Summit With A Grouse

Caribbean Community (Caricom) leaders head to Suriname this week for their annual mid-year retreat with what would normally contain a list of mundane agenda items on their plate, but recent grumblings from one of the most influential among the current bunch could generate enough sound bites and quotes to make the two-day summit starting on Thursday a memorable one.

For one thing, Prime Minister Ralph Gonsalves of St. Vincent and the Grenadines, usually the most outspoken of leaders at any forum which he attends, has already signaled his intention to highlight a string of “grouses” he and the Caricom sub-grouping — the nine-nation OECS, have with the regional integration movement, not the least among them being limited development aid available to the smaller island-nations.

Gonsalves says in a most recent letter to colleague prime ministers and presidents that he has some “specific grouses” linked mostly to what he called the “limited capitalization of the Caricom Development Fund (CDF) and “the veritable collapse” of the petroleum fund that Trinidad under the previous Patrick Manning administration had offered to sister bloc nations.

Since Kamla Persad-Bissessar became the Trinidad and Tobago (T&T) prime minister nearly two years ago, she has signaled that millions in grant aid from the petroleum fund would dry up because T&T “is not the ATM” of the Caribbean. And judging by Gonsalves’ interpretation of the state of play, it appears that Port of Spain has carried through with threats to whither up the fund to virtually no releases in at all in recent months.

Railing against alleged unfair competition and the inability of the regional powers-that-be to level the playing field, the second-term prime minister argued that manufacturing is on the decline in the OECS, and fingered Trinidad as being one of the main culprits of unfair trade and competition.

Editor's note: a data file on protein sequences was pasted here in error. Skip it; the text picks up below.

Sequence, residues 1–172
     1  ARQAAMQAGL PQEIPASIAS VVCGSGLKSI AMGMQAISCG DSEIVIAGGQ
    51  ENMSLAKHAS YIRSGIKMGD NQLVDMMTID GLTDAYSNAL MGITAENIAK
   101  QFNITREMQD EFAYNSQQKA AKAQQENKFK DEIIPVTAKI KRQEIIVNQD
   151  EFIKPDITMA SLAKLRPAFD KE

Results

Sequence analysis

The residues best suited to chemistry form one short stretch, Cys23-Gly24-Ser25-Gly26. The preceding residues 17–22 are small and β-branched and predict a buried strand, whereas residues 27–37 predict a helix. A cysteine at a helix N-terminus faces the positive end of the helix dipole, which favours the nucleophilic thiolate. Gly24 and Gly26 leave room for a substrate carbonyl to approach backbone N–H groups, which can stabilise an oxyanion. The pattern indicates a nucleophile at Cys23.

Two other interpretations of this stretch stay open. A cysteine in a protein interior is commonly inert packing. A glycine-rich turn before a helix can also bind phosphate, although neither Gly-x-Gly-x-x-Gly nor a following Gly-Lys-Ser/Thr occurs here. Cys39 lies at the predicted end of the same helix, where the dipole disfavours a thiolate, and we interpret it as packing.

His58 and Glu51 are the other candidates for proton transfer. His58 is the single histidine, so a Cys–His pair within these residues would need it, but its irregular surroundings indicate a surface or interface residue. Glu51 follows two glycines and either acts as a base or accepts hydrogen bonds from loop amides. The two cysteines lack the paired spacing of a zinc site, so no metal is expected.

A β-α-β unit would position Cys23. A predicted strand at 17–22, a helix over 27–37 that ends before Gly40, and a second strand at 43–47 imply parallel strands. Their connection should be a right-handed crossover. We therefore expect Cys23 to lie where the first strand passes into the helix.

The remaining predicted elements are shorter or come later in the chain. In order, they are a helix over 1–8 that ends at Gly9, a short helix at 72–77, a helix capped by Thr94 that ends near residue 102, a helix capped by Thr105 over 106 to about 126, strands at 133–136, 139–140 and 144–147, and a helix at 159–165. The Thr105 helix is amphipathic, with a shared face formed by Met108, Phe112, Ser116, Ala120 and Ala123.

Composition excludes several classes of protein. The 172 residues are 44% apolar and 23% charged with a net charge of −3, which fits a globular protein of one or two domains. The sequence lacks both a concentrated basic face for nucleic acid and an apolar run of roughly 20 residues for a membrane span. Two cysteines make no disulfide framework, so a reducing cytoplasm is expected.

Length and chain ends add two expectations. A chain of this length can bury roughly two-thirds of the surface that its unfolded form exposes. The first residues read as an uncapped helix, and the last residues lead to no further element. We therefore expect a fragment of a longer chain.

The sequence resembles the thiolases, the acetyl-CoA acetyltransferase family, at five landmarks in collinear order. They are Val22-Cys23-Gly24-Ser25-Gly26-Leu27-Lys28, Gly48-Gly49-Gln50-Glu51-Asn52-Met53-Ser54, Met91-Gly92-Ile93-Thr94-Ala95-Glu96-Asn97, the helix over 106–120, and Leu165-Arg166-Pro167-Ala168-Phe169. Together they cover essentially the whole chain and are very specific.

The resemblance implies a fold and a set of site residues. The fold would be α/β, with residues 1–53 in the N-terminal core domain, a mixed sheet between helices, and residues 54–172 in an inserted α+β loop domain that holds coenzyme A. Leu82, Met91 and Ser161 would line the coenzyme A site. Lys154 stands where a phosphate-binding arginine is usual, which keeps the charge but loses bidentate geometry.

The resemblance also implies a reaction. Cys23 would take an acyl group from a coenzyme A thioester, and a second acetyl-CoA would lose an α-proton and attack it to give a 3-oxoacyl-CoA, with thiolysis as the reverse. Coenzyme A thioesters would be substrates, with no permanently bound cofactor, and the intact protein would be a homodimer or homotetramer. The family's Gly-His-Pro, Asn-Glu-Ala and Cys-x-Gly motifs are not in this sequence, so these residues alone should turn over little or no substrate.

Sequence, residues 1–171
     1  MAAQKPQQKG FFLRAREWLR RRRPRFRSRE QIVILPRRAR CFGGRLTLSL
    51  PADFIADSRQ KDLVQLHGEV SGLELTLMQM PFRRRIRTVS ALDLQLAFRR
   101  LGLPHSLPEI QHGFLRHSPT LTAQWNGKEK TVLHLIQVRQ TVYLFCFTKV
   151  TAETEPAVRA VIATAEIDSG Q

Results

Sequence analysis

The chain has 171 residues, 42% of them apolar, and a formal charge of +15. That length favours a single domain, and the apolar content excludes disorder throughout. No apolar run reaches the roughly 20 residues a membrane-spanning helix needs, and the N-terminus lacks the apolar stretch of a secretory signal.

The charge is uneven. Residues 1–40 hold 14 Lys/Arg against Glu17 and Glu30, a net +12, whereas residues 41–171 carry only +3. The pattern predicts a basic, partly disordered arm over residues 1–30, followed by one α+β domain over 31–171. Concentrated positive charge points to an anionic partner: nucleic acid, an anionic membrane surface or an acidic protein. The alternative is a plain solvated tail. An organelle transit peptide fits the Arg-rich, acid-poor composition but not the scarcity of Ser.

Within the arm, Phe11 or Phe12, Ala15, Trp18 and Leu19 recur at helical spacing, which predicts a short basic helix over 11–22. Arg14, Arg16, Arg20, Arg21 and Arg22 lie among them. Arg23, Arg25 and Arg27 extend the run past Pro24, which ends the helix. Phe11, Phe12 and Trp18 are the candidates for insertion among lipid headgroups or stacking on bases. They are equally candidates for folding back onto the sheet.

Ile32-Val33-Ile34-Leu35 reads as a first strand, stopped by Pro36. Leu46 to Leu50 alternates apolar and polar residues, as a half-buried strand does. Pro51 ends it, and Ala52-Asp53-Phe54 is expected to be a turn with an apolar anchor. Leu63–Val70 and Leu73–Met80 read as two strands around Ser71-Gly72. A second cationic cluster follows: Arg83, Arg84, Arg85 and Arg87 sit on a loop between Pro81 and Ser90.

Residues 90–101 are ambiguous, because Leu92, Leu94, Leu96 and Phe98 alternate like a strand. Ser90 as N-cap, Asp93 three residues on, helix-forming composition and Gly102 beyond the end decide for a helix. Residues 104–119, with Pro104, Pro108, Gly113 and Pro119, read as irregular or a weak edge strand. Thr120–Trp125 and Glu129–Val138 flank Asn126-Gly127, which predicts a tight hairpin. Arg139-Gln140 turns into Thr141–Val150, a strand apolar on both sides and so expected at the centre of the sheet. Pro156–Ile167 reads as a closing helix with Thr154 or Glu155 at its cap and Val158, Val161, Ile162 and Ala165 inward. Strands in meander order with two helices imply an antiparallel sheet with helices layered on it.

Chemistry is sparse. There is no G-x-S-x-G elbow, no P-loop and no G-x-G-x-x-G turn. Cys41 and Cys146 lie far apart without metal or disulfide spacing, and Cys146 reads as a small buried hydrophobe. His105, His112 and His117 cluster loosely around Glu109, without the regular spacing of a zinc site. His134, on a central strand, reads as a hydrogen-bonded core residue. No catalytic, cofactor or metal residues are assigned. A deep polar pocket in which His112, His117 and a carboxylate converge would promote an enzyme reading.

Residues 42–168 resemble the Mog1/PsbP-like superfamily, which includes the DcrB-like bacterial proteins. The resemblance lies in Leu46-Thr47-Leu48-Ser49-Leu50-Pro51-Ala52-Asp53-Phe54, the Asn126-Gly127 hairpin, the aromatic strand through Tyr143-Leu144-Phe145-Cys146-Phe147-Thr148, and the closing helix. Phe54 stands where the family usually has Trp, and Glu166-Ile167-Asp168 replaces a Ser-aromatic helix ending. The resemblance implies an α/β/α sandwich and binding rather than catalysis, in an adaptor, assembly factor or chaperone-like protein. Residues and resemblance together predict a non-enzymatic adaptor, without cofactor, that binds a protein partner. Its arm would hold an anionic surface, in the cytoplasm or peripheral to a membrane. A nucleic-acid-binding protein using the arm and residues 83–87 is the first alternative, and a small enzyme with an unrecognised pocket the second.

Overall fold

Trinidad also came into his sights for offering its own carrier, Caribbean Airlines, a fuel subsidy that makes it unprofitable and harder for Antigua-based commuter airline, LIAT, to continue its lifeline services to islands across the region. LIAT, he says, might well approach the regional trade court to resolve the issue.

There is a “prevailing sentiment” in the OECS that “Caricom’s service to, and sensibility towards, the OECS member-states are less than desirable,” he noted, contending that “some of these complaints are more easily addressed than others but that they are all evidently soluble if we are committed, on an on-going basis, to solving them. If not satisfactorily alleviated, these problems or limitations would fester further; in time they are likely to become septic and debilitating,” Gonsalves said.

Other agenda items would as usual include a review of the functioning of the single trading market, the debilitating turmoil in West Indies and Guyanese cricket, the visit of the president of Chile and Haiti’s continuing struggle to get back on its feet after the January 2011 devastating earthquake that reportedly killed more than 300,000 as all roads lead this week to Paramaribo, the Surinamese capital.